Gold! The yellow metal has become the driving force of history many times. With a vision of fabulous wealth, famous seafarers set off on long journeys. Hot on their heels were adventurers and cutthroat types Hernán Cortés whose Francisco Pizarro and in their desire for gold they subverted mighty empires. Gold rushes set millions of people in motion in the New World, Africa and Australia.
The golden cycle in the guts of bacteria
Gold deposits were formed under high pressures and temperatures deep below the earth’s surface. Geologists have long believed that tiny flakes of gold are released into nature precisely from these mother veins of gold. Only recently has it become clear that soil bacteria often play an important role in their formation. Some microbes can dissolve gold and release it in the form of ions into the environment. In its soluble form, gold is carried by underground and surface waters and ends up in ocean sediments.
However, soluble gold may not be irretrievably lost. Other bacteria pick up the precious element again and convert it into an insoluble form of the pure metal. Sometimes small particles “extracted” by bacteria can aggregate into larger formations and create nuggets weighing up to several tens of kilograms. The mystery remained how fast such natural recycling of gold takes place and how it is possible that bacteria are not poisoned by highly toxic soluble forms of gold.
A microbe that “feeds” on copper
Examination of particles from Australia’s famous West Coast Creek gold-bearing site has shown that gold returns to an insoluble form relatively quickly. The grains did not form for more than 60 years, and many formed in less than two decades. We also have more clarity in the detoxification mechanisms of “golden” bacteria. A microbe revealed them to scientists Cupriavidus metalliduranswhich thrives in soils with a high content of various heavy metals.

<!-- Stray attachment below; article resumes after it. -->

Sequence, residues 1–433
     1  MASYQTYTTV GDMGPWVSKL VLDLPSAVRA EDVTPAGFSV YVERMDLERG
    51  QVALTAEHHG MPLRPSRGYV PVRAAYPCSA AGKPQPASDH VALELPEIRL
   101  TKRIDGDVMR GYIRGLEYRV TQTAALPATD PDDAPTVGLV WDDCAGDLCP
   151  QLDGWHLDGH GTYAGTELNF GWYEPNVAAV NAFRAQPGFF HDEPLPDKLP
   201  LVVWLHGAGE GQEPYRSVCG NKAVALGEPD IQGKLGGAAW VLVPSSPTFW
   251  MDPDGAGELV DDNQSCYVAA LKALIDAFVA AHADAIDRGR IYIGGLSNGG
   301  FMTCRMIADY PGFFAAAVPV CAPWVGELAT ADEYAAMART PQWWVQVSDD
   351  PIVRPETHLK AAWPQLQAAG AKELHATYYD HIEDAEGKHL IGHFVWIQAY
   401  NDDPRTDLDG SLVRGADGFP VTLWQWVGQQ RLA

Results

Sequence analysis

An electron microscope image shows structures formed by bacteria. The grain of gold comes from a quarry called Hit or Miss, located in Queensland, Australia (photo: CSIRO, CC0)
The bacterium lets the toxic soluble gold into its cell along with the copper it absolutely needs to live. However, high concentrations of copper and gold are fatal for it, and in combination, both elements have an even more fatal effect on the bacterial cell than each metal alone. Bacteria can excrete both elements in soluble form, but this detoxification mechanism is paralyzed by the joint effect of copper and gold. That’s why Cupriavidus metallidurans it prevents the excessive intake of these elements and already on its surface changes the soluble forms of copper and gold again into particles of insoluble pure metals.
Scientists want to use the revealed details of the gold cycle in nature to develop new methods for recycling gold from a variety of wastes, including discarded electronics, from which gold recovery is not yet economically viable.
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The relatively quick process also opens completely new possibilities for mining gold from rocks where the content of this element is low, or from previously mined tailings. In contrast to industrial mining methods, which use, for example, the dissolution of gold with highly toxic mercury, a biotechnological method with the deployment of bacteria would be significantly more environmentally friendly.